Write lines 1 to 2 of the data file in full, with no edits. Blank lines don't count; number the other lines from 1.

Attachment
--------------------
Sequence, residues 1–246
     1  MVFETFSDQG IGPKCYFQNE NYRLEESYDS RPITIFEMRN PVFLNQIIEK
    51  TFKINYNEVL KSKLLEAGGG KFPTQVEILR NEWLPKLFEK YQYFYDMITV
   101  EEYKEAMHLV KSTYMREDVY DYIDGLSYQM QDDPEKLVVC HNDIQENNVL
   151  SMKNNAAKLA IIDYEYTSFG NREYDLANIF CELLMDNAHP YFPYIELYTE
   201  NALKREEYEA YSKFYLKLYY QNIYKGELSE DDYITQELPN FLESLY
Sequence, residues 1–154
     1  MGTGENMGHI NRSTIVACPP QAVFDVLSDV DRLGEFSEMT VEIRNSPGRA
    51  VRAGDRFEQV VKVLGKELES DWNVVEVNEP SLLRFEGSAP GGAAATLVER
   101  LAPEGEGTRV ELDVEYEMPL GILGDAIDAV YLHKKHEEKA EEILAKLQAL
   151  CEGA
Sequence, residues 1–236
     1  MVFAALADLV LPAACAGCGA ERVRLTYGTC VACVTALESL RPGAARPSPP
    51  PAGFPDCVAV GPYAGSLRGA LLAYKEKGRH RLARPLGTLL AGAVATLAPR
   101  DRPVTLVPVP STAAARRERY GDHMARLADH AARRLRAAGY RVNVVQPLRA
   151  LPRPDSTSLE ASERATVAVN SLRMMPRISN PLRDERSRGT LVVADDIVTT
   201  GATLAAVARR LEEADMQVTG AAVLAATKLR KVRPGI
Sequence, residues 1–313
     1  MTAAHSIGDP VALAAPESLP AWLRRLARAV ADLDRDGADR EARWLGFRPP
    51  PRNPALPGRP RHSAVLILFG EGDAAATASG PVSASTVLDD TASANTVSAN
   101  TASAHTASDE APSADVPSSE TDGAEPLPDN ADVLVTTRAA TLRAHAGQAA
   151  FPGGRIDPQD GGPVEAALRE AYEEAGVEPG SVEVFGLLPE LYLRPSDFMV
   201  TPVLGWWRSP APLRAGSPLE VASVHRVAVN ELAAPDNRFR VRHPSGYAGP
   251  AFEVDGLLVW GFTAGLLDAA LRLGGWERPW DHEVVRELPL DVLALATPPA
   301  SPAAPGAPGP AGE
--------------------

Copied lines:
Sequence, residues 1–246
     1  MVFETFSDQG IGPKCYFQNE NYRLEESYDS RPITIFEMRN PVFLNQIIEK